The second organization is called the Indonesian Forum on Globalization (INFOG), based in Solo, Central Java. INFOG's goal is to raise public awareness on globalization and its consequences in Indonesia, particularly on natural resources, local economies, human welfare and its effects on democracy. INFOG endeavors to support global solidarity in order to achieve sustainable development while facilitating local initiatives to challenge globalization. Established in February 8, 2002, INFOG's main focus will be on water and globalization, including the issues of water sector restructuring, water privatization and the roles of multilateral development banks. Nila Adrianie is INFOG's executive director.

Contact:
Institute for Global Justice (IGJ) igj@nusa.or.id, website www.globaljust.org
Indonesian Forum on Globalization (INFOG) infog@bumi.net.id


Power Sector Negotiations and Revision of Law Close to Final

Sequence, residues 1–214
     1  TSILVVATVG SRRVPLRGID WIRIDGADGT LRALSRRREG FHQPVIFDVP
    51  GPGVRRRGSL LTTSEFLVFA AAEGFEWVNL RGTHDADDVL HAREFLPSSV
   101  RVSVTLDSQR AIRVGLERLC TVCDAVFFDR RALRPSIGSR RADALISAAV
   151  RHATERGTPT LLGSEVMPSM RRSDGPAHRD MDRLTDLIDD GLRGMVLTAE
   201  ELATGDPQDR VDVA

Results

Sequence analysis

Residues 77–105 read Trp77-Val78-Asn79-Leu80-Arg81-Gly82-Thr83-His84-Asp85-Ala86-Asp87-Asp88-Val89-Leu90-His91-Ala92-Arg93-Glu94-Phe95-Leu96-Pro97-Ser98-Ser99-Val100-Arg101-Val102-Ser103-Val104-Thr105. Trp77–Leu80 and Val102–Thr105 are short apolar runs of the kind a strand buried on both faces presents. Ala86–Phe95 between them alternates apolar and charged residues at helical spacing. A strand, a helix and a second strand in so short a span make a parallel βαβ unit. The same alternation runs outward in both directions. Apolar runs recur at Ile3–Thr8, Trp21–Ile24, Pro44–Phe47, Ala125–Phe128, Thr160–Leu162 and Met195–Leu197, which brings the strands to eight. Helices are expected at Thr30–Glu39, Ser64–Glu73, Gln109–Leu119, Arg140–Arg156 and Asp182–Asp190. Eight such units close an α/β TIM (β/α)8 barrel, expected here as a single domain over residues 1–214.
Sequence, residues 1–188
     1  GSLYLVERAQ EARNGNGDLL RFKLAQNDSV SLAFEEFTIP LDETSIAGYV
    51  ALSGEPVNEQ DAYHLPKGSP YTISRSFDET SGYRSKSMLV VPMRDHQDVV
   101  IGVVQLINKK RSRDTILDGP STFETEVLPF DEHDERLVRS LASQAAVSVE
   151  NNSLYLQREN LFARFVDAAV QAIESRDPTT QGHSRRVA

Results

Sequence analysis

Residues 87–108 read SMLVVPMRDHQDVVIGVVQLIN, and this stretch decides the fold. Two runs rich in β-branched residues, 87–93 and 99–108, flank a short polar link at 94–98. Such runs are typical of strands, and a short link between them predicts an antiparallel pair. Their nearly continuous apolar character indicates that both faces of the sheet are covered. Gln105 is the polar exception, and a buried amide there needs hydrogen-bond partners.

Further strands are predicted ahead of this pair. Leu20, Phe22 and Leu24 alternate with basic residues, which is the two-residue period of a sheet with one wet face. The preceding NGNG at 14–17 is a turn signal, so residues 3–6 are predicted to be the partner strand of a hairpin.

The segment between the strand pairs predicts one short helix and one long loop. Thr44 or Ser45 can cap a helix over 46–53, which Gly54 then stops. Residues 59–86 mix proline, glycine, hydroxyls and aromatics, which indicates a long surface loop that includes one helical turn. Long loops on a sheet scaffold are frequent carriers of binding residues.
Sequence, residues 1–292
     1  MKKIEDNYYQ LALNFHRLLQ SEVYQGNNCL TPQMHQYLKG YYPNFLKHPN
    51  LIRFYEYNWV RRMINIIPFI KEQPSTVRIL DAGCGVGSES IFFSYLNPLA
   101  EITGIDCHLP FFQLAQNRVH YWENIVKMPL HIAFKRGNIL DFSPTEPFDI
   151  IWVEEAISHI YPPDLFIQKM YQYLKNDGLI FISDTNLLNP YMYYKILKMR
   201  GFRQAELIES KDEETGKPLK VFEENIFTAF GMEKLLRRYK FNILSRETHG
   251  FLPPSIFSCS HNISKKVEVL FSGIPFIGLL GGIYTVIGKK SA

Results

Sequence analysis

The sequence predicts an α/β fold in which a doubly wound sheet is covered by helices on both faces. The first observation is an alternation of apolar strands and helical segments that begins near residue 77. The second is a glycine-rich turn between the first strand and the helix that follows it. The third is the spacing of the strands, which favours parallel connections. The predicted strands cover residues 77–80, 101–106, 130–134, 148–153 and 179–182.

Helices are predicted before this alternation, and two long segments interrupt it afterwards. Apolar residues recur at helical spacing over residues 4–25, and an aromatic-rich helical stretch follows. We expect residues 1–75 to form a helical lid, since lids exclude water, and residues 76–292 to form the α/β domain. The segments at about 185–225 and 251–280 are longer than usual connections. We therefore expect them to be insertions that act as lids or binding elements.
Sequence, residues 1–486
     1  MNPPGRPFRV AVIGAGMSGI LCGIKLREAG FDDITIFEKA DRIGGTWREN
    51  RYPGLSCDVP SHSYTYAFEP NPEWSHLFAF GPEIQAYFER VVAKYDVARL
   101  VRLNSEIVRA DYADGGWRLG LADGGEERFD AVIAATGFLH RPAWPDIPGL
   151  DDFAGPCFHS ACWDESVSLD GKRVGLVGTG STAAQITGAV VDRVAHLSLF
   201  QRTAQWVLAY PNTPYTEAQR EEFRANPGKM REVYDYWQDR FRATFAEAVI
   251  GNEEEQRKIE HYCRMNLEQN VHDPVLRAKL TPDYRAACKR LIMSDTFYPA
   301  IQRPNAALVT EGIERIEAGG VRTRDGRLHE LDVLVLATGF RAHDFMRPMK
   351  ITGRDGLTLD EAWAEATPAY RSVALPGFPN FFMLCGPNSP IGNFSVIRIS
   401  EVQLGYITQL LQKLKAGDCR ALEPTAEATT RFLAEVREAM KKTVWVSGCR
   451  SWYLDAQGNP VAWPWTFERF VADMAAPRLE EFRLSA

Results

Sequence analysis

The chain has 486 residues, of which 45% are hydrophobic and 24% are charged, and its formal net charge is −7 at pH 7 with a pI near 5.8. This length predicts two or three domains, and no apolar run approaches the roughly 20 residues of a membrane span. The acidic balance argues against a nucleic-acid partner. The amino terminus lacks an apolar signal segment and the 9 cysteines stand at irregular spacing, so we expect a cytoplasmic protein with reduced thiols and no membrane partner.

State-owned eletricity firm PT PLN is close to finalizing new contract negotiations with all 27 independent power producers (IPPs) in Indonesia. After the economic crisis hit Indonesia in 1997, the Indonesian Government froze the power purchase agreements (PPAs) with these IPPs, leading to an international outcry over the breach of PPAs. The original contracts were signed during the Suharto period and gave favorable terms to the IPPs, which created huge debts for PLN.

The renegotiation of the PPAs is one of the conditions set by the Asian Development Bank in its USD 300 million Power Sector Restructuring Loan to Indonesia. Disbursement of this loan has been stalled for more than a year due to the government's failure to fulfil the loan's conditions.